UK companies are moving rather more rapidly to distributed computing from mainframes than those wedded to the latter had feared, according to a survey of information technology users by Manchester-based National Computing Centre Ltd. The survey, based on 276 responses from Computing Centre members, showed a decrease in the proportion of respondents with a mainframe […]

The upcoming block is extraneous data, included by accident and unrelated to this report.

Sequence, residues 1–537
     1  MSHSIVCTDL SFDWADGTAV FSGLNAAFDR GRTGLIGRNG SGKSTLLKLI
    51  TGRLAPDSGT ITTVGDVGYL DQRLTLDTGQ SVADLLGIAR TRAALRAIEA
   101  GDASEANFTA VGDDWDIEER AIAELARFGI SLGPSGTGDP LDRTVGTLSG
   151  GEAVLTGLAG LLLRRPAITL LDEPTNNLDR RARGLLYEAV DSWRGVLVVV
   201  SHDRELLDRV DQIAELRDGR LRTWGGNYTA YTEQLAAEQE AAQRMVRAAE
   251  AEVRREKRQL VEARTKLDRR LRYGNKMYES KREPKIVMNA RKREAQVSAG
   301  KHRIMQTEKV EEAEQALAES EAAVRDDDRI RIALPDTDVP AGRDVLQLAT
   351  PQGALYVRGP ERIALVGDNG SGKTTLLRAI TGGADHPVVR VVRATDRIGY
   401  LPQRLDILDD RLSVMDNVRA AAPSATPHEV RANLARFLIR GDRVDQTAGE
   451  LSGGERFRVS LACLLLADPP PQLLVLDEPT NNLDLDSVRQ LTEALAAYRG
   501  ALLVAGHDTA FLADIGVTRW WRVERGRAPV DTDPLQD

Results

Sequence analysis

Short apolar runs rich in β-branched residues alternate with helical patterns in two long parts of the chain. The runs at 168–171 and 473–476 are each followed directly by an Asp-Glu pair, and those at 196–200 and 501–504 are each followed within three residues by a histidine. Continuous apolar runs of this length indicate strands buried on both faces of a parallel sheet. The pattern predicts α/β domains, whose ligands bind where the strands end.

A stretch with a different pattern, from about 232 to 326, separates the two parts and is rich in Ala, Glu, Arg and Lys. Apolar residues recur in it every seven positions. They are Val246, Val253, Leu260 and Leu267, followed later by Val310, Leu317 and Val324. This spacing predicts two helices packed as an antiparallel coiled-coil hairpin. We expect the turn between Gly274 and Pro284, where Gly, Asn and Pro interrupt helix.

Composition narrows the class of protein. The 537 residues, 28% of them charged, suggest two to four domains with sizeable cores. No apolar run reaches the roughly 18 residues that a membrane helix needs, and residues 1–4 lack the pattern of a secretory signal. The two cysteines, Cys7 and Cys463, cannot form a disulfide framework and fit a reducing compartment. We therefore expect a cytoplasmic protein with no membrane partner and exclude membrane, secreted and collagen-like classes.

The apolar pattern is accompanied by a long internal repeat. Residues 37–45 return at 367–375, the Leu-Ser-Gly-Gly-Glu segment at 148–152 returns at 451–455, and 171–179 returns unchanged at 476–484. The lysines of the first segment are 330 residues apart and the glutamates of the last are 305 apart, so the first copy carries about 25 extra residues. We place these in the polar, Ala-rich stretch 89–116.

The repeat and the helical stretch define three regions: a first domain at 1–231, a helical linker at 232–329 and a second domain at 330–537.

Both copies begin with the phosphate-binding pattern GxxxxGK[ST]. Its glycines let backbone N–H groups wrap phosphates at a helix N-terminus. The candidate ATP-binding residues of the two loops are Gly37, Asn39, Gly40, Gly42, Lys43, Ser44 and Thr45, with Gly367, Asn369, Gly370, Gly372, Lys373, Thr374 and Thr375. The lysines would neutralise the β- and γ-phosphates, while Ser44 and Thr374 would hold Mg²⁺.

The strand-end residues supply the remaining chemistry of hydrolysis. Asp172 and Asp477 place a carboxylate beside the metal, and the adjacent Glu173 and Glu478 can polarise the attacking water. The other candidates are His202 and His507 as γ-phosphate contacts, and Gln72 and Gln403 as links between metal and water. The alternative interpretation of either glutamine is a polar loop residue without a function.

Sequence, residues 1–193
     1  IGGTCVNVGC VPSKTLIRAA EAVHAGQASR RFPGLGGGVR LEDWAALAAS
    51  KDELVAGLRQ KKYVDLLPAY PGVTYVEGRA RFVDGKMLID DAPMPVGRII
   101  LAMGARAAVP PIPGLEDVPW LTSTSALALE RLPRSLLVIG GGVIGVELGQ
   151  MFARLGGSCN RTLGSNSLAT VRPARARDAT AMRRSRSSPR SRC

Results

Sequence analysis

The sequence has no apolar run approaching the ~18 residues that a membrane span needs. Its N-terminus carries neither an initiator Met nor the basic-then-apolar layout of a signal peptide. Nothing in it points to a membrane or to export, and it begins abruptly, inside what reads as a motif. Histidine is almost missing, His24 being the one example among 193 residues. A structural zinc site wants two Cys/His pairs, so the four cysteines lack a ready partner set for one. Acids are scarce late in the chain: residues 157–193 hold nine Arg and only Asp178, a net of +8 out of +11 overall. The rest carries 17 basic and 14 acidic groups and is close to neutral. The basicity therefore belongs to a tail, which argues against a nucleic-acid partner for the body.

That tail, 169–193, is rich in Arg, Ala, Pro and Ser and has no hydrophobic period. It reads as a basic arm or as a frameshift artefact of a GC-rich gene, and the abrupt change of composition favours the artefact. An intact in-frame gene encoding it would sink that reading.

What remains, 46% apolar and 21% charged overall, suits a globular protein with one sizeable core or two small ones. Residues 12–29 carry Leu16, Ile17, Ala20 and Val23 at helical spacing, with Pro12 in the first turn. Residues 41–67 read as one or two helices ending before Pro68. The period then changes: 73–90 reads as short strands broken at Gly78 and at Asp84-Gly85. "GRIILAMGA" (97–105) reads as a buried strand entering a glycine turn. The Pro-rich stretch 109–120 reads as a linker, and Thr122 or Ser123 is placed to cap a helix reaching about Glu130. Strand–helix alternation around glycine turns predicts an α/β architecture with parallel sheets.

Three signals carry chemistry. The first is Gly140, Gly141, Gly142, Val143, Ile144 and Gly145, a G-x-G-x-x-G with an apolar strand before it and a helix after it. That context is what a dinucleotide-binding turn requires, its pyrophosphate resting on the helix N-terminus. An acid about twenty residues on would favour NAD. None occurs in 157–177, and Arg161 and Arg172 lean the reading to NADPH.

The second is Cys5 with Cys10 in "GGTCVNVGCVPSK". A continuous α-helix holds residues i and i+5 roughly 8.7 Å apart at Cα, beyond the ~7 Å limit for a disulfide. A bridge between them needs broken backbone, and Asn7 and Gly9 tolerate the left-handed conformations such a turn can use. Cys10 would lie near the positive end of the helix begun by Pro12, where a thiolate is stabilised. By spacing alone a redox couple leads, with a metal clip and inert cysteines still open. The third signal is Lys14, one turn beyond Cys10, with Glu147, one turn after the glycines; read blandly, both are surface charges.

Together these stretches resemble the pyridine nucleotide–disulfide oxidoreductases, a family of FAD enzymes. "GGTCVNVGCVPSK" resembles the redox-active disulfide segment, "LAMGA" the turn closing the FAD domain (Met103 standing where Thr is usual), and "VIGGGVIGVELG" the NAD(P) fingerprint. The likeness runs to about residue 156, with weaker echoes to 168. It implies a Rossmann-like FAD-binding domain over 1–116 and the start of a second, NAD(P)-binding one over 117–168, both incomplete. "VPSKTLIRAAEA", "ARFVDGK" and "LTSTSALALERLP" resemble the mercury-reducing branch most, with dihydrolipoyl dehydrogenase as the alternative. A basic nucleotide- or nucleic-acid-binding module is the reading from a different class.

UK companies are moving rather more rapidly to distributed computing from mainframes than those wedded to the latter had feared, according to a survey of information technology users by Manchester-based National Computing Centre Ltd. The survey, based on 276 responses from Computing Centre members, showed a decrease in the proportion of respondents with a mainframe to 47% for 1994-95, from 56% two years ago, and predictions for 1997-98 showed only 27% still expected to have one. Bad news for the likes of IBM Corp, frantically developing the new CMOS multiprocessors in an effort to persuade people that they are not really mainframes at all? But if the NCC report is anything to go by, there will still be a hard core of mainframe users well into the next millenium, but all the signs are that they will be users who can only run their work on large monolithic machines like the Hitachi Ltd Skyline, and will not be persuaded by IBM Corp to switch to clustered microprocessor machines. Many of these, such as major national banks with large transaction processing requirements, will, according to a Wall Street Journal report in May of this year (CI No 2,656) continue to need higher monolithic mainframe MIPS. Siemens Nixdorf Informationssysteme AG has said it will probably stop producing mainframes in the future, (CI No 2,699) and IBM’s answer is clustering. Whichever path those questioned intended to take, the survey showed that spending on information technology, which according to NCC has shown a fall in the past few years, has now stabilised, and 40% of companies expected to spend at least 5% more on computing next year. The survey also addressed the issue of facilities management. Almost 60% of companies said they had considered it for all or part of their activities. However, larger organisations in particular usually invited the in-house department to tender, and the job was kept in-house in 70% of cases. The report said that 17% had considered facilities management for the entire information technology function, but only 2.5% had taken it up, although NCC admitted that where they had, there may be nobody left in the company to answer the questionnaire. Other trends revealed in the report showed a continuing move to Unix and open systems, a rapid increase in networked personal computers, with 70% of companies expecting to have high-speed local area networks in the next two years, and a considerable growth in local net-enabled applications such as groupware and workflow.